Rev Up Your Knowledge: Why Your Motorcycle Won’t Start and How to Fix It

As a motorcycle rider, few things are more frustrating than trying to start your bike and hearing only the sound of silence. Whether you’re getting ready for a ride, trying to leave work, or stranded on the side of the road, a non-starting motorcycle can ruin your day and potentially cost you time, money, and safety. While there are many possible reasons why a motorcycle won’t start, some are more common than others. In this article, we’ll explore some of the most frequent causes of motorcycle starting problems and suggest some solutions that you can try on your own or with the help of a mechanic.

Dead battery

One of the most common reasons why a motorcycle won’t start is a dead battery. Unlike cars, motorcycles have smaller batteries that can drain faster if not charged regularly or if exposed to cold weather. If you turn the key and hear a clicking sound or no sound at all, your battery may be dead or weak. To check your battery, you can use a voltmeter or a battery tester, or you can jump-start your bike with another vehicle or a portable battery pack. If your battery is dead, you may need to replace it or recharge it with a battery charger. If your battery is weak, you may need to ride your bike for a while to recharge it or use a battery tender to maintain its charge.

Bad starter motor

Another possible cause of a non-starting motorcycle is a bad starter motor. The starter motor is responsible for turning the engine over when you press the starter button or kickstart lever. If the starter motor is faulty, it may not engage or spin the engine, or it may make a grinding or whining noise. To diagnose a bad starter motor, you can try tapping it gently with a hammer or a wrench while pressing the starter button or lever. If the motor starts working, it may be a sign that it’s worn out or has loose connections. If tapping doesn’t work, you may need to replace the starter motor or have it repaired by a professional.

Clogged fuel system

A third possible cause of a motorcycle not starting is a clogged fuel system. The fuel system includes the fuel tank, the fuel pump, the fuel filter, the fuel injectors or carburetors, and the fuel lines. If any of these components are dirty, damaged, or blocked, they can prevent fuel from reaching the engine or cause it to run poorly. Symptoms of a clogged fuel system may include a sputtering engine, a foul smell, or a lack of power. To check your fuel system, you can inspect the fuel tank for rust or debris, replace the fuel filter if it’s dirty, clean the fuel injectors or carburetors if they’re clogged, or drain the fuel lines if they’re contaminated. If your fuel system is severely damaged or corroded, you may need to replace some or all of the components or have them cleaned by a professional.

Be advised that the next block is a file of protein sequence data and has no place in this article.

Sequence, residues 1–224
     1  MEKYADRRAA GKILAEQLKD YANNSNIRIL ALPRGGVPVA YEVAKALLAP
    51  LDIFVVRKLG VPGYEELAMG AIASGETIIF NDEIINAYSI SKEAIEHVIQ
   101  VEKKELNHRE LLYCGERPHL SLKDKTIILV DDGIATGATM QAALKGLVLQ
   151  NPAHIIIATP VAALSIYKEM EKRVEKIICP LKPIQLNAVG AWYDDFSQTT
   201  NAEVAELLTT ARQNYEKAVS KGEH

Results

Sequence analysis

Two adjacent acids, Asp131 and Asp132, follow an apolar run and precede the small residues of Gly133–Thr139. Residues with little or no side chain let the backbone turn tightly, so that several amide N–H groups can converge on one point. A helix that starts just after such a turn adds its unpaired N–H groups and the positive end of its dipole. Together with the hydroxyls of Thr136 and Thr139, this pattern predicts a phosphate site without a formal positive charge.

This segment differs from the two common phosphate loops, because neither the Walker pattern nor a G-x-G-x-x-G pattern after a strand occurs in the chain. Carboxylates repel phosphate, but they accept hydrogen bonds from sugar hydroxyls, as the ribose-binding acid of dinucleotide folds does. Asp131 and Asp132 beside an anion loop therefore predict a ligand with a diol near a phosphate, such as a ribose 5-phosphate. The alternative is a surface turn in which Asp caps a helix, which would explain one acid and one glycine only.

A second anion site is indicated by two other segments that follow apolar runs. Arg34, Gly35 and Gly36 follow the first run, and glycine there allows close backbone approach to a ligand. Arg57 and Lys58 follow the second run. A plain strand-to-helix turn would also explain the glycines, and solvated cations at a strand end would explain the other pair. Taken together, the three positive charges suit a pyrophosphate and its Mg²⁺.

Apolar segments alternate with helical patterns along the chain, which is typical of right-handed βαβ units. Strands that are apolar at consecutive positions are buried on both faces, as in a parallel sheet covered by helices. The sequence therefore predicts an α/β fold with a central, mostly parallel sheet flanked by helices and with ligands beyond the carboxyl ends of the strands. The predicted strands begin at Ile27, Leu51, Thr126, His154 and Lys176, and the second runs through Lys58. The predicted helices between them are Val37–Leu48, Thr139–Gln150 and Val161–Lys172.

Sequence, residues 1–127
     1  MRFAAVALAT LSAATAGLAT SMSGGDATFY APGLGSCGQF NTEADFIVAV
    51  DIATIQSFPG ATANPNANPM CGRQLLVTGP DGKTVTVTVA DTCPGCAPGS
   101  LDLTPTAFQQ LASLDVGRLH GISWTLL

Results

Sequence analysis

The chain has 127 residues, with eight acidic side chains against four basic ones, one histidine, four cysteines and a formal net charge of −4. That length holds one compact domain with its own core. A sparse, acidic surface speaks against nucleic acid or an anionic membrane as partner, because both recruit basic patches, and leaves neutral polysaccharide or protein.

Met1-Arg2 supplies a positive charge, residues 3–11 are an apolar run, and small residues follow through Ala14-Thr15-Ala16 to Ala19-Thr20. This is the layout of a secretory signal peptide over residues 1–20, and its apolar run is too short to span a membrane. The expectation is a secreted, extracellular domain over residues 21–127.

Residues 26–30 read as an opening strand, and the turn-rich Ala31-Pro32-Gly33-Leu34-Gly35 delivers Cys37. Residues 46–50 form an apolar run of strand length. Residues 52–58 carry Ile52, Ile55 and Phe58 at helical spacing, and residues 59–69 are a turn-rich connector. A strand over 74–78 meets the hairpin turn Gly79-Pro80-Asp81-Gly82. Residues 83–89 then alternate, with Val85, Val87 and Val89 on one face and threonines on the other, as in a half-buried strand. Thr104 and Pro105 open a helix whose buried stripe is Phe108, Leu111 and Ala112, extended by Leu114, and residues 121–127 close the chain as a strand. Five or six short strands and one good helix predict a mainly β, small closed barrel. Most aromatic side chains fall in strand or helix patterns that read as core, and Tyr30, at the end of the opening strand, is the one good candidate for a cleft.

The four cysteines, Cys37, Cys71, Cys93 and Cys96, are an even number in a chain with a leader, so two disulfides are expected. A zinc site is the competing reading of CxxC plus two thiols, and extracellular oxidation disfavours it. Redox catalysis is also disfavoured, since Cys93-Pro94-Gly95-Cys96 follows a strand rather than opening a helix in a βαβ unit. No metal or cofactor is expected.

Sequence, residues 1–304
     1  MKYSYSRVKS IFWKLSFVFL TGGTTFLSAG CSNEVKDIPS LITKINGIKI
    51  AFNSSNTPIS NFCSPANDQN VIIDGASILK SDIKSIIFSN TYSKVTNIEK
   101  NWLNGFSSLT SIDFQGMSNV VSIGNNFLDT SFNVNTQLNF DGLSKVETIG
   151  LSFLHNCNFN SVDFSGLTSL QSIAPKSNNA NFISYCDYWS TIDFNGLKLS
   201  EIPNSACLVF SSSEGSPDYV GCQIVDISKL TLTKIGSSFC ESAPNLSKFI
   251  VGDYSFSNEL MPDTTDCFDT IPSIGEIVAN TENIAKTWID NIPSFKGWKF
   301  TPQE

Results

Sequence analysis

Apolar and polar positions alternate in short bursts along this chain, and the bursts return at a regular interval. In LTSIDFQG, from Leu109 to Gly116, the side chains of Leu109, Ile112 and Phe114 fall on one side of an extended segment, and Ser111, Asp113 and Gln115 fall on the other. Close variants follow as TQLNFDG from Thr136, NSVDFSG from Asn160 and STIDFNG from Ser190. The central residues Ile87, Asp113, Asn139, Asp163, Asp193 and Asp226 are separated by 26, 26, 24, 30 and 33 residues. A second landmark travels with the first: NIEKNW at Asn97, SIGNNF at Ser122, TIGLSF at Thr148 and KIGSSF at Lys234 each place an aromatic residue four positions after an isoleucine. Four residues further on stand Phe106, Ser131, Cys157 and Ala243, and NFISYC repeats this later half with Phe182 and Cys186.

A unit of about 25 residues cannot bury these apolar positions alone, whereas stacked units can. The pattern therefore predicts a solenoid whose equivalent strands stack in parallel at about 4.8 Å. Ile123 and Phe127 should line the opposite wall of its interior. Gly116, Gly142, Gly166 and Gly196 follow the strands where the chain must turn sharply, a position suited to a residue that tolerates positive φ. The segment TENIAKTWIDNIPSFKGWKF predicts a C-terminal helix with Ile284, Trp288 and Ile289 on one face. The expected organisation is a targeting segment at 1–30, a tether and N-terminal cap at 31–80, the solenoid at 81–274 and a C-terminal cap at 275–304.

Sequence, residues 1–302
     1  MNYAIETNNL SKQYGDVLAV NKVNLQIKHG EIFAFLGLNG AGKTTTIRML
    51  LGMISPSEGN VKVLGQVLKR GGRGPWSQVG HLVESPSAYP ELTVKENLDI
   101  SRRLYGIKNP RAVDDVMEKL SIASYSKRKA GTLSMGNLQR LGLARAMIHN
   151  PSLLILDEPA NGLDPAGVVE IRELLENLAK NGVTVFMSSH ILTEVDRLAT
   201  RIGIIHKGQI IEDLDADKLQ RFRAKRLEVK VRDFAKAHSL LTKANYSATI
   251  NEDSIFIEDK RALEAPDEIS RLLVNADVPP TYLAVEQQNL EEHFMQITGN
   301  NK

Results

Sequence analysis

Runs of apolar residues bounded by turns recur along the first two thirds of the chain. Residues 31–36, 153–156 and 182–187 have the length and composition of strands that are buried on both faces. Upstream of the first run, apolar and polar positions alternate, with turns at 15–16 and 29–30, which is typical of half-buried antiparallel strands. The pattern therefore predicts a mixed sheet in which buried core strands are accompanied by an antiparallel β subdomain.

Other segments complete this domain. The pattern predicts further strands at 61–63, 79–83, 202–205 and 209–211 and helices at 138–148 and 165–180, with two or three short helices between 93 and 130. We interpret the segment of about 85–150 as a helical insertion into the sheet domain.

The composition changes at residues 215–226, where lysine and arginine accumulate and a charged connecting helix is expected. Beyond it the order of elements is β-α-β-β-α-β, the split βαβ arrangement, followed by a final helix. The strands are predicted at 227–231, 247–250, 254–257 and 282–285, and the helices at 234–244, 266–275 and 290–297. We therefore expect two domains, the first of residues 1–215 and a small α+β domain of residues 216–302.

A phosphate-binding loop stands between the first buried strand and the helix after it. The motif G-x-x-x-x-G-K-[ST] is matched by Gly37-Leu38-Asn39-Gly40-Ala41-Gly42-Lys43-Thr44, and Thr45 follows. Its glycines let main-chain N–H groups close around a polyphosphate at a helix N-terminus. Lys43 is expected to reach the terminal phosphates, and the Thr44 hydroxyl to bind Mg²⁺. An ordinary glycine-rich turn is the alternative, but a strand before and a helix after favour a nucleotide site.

Ignition problems

A fourth possible cause of a motorcycle not starting is ignition problems. The ignition system includes the spark plugs, the ignition coil, the spark plug wires, and the CDI or TCI unit. If any of these components are faulty, worn out, or disconnected, they can prevent the engine from firing or cause it to misfire. Symptoms of ignition problems may include a weak or no spark, a backfiring engine, or a rough idle. To diagnose ignition problems, you can check the spark plugs for fouling or damage, replace the spark plug wires if they’re worn out, test the ignition coil with a multimeter, or replace the CDI or TCI unit if it’s malfunctioning. If your ignition system is beyond repair, you may need to replace some or all of the components or have them serviced by a professional.

Other causes

While the above causes are some of the most common reasons why a motorcycle won’t start, there are many other possible factors that can contribute to starting problems. Some of these include:

– A faulty or loose kill switch, side stand switch, or clutch switch

– A damaged or loose wiring harness, fuse, or relay

– A flooded engine due to over-priming or over-choking

– A seized engine due to lack of oil or overheating

– A broken or worn out timing chain or belt

– A damaged or worn out camshaft or crankshaft

To troubleshoot these and other issues, you may need to consult your motorcycle’s manual, use a diagnostic tool, or seek the help of a mechanic.


In conclusion, a motorcycle not starting can be caused by a variety of factors, some of which are easy to fix and some of which require more expertise and resources. By understanding the common causes of starting problems and trying some of the solutions suggested in this article, you can increase your chances of getting your bike back on the road and enjoying the ride. Remember to always wear proper gear, follow safety rules, and maintain your motorcycle regularly to prevent starting problems and other issues. Happy riding!